The IPAB has nothing to do with death panels or rationing. The 15-member panel of experts will offer Congress options for holding down Medicare’s spending whenever it grows out of control. Congress has the option of either allowing those cuts to go into effect, or enacting its own menu of cost control measures.

There is no shortage of skeptical analysts who suggest Congress will be just as likely to reject IPAB recommendations and substitute nothing at all. After all, every Congress over the past decade has rejected imposing previously enacted cuts on physician pay. Why will the IPAB cuts be any different?

The reality is that neither party has a good track record when it comes to holding down Medicare spending, and the level of debate Thursday reflected their perennial obsession with the next election, not the next generation. “Do you remember death panels?” cried Rep. Jack Kingston, R-Ga., on the House floor. “It’s not necessarily a death panel, but it is a rationing panel and rationing does lead to scarcity for some. Who’s going to get the needed treatment, an 85-year-old or the 40-year-old with children?”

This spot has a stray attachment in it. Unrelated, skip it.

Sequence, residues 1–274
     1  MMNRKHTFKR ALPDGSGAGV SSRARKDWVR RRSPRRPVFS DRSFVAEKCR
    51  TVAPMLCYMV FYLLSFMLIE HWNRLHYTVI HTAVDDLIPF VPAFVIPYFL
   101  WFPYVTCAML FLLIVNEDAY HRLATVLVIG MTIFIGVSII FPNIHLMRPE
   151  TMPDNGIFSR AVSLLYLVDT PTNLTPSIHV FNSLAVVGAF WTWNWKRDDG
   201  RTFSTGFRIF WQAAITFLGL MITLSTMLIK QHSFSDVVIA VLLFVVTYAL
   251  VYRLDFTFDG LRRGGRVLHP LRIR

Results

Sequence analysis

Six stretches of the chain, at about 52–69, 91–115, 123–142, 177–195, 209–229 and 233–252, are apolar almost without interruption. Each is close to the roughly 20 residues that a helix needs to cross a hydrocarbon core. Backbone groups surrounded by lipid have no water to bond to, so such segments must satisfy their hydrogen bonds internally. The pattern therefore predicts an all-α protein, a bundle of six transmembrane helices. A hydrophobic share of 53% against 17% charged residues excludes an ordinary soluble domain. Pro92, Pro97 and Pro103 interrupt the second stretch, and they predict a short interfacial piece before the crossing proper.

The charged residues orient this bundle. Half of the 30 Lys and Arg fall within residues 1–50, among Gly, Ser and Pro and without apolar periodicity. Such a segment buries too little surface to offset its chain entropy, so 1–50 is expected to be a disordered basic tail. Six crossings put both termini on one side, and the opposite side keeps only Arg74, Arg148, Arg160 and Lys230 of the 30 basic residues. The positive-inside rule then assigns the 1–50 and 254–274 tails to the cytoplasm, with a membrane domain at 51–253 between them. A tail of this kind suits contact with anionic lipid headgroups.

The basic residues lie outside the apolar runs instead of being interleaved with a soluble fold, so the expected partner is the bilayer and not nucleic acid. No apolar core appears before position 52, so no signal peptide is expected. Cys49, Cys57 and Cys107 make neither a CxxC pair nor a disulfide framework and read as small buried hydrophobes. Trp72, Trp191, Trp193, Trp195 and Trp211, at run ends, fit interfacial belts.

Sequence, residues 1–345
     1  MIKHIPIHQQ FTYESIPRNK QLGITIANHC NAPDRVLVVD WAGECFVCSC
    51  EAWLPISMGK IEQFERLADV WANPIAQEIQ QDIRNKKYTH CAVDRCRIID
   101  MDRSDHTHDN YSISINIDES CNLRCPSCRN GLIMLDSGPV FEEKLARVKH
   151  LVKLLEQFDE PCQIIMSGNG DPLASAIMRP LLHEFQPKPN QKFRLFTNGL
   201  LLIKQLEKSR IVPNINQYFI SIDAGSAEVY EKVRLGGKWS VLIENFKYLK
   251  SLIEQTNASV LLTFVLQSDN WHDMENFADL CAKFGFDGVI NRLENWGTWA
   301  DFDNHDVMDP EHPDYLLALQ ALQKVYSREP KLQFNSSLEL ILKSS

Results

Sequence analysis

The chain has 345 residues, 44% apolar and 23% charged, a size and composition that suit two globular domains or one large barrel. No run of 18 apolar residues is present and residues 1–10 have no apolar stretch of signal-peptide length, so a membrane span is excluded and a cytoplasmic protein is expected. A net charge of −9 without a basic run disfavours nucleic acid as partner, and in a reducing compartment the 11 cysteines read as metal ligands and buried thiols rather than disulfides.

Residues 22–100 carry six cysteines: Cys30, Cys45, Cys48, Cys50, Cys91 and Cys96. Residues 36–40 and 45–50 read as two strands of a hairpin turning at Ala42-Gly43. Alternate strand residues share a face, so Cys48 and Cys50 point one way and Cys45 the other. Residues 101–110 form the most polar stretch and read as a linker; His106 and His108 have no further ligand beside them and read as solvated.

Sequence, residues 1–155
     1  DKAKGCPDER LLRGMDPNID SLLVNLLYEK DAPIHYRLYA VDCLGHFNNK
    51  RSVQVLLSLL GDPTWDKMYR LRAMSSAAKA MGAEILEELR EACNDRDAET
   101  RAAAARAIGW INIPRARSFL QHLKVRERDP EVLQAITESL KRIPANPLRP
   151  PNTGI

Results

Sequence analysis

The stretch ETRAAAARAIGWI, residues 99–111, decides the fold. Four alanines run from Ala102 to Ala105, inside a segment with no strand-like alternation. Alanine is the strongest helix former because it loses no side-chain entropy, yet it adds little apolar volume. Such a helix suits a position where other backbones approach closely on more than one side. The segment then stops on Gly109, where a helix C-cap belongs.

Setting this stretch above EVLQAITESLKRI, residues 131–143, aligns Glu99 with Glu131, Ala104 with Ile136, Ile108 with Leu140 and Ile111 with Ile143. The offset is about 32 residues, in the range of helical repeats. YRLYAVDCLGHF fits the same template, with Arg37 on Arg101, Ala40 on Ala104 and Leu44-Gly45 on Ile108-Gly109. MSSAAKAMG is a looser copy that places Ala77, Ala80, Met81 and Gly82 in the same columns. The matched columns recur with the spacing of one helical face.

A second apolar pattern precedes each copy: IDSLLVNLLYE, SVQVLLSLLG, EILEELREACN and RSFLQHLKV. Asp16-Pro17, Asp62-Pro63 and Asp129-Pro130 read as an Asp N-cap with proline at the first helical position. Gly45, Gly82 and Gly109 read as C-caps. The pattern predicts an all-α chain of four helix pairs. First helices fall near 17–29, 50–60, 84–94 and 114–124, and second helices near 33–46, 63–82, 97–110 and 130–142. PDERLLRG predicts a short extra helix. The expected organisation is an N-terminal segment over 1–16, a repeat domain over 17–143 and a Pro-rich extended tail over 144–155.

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2011’s Last Viral Lie About Health Reform

When so many good things have happened as the result of health care reform, I hate to end this year with a rebuttal to a viral lie about the Affordable Care Act. However, this one seems to come from a credible source but is so wrong that I can’t resist.

This is how the email reads:

“MUST LISTEN This needs to go viral. A brain surgeon called into the Mark Levin show. If you are over 70 years of age and you go to the ER and you are on government supported care, you will get comfort care instead of surgery. A government panel (a group of people that know absolutely nothing about medicine) will decide if you can have surgery and it has been decided that it will be denied if you are over 70. Patients will also be called “units” instead of “patients”. Sarah Palin was correct–DEATH PANELS!”

http://www.youtube.com/watch?v=0wsnHGI5K-E&feature=player_embedded

The video shows the radio host, Mark Levin, listening to this so-called brain surgeon call into his show. The surgeon claims that he has just been to a meeting of the American Association of Neurological Surgeons in Washington, D.C., where he learned something shocking! Obamacare will require only “comfort care” for people over 70. If you read the comments below the YouTube video, you are directed to the AANS site itself, where the Society blasts this person and his claim as a complete hoax. This disclaimer is on the AANS site under the “AANS news” subtitle:

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IPAB — The New Punching Bag